And so, we have Micah coming into the scene of complete governmental corruption. Matter of fact, in this chapter here, I call him the Prophet of God, because this is what he says in Micah 3:8 says, “But truly I am full of power by the Spirit of the Lord, and of justice and might, to declare to Jacob his transgression, and to Israel his sin.” So, the Lord here is giving Micah a call. And what’s he called to do? He is called to be God’s lawyer. If you look at Micah 1:2, “Hear, all you peoples! Listen, O earth, and all that is in it! Let the Lord God be a witness against you, The Lord from His holy temple.” So, the whole book of Micah is set up like God has come to accuse Israel and Judah of being wicked. And he’s sending Micah, like His lawyer, to bring condemnation against the people for their sin.

Tim Moore: I like how you emphasize that it’s both to Israel in the Northern Kingdom, and Judah in the Southern Kingdom, because even in verse one of chapter one, he says that he’s talking to both Samaria, the Northern Kingdom capital, and Jerusalem. So, this really is for all the people, and he is presenting a case. Now he’s going to present both the condemnation, the calling out of their wickedness, their apostasy, but he’s also going to give oracles of hope and also clarity on what God really would expect of His people then and today.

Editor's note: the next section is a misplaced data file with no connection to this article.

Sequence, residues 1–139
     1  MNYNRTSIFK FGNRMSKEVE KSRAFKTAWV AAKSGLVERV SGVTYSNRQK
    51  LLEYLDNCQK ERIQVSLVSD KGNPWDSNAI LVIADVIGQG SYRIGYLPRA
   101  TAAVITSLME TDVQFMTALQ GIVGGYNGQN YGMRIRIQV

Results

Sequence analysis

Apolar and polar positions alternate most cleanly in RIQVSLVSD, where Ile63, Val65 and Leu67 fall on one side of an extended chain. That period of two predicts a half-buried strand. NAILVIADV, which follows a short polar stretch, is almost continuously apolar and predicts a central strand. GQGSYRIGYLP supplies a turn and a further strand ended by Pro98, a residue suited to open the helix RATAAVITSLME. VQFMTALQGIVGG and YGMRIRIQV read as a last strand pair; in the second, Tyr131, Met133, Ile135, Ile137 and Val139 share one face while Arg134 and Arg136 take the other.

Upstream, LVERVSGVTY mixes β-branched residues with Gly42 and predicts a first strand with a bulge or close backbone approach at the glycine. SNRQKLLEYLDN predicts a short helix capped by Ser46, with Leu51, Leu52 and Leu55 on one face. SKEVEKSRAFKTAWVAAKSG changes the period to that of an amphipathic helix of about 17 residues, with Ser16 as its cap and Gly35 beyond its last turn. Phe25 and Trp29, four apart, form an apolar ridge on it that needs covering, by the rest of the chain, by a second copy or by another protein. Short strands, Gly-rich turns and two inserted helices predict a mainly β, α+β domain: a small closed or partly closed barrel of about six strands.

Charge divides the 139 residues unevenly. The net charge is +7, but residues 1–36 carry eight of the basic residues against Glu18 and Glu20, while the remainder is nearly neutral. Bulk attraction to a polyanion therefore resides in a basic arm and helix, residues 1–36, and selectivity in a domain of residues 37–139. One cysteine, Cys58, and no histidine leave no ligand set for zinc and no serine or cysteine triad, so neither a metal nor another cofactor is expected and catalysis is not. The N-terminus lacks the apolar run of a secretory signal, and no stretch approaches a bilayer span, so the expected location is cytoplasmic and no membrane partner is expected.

So, one of our key verses already is in chapter six, verse eight, talking about Micah asking a question, “Who is like the Lord with his name? He has told you, O man, what is good; And what does the Lord require of you But to do justice, to love kindness, And to walk humbly with your God?” And so, we today even can follow that model of what does God expect of us, and Micah is very clear in presenting that principle for all ages.

Nathan Jones: And that was God’s charge against the people. They weren’t doing that. They weren’t doing justly, they weren’t loving mercy. They weren’t walking humbly with their God. Matter of fact Micah ended up having to bring a few accusations against the people because of their sins. For one, he pointed out their oppression of the poor, they treated the poor people horribly. They were actually evicting the farmers off their land in order to sell their property. Matter of fact, Micah was from Moresheth near Gath, so he’s in the Philistine border. And Ahaz wanted to sell Moresheth to the Assyrians to protect them from the Syrians who are bothering them at the time. And in the Israeli system, as you know, God’s covenant land belongs with the people. And so really Ahaz was stealing the land from God.

So, they were oppressing the poor, throwing them out of their land. He had an unscrupulous use of power. I mean, he was a total dictator. They had a complete lack of integrity in all their business ethics. They had greed, especially the prophets, but in the name of God, they spoke in God’s name but were greedy.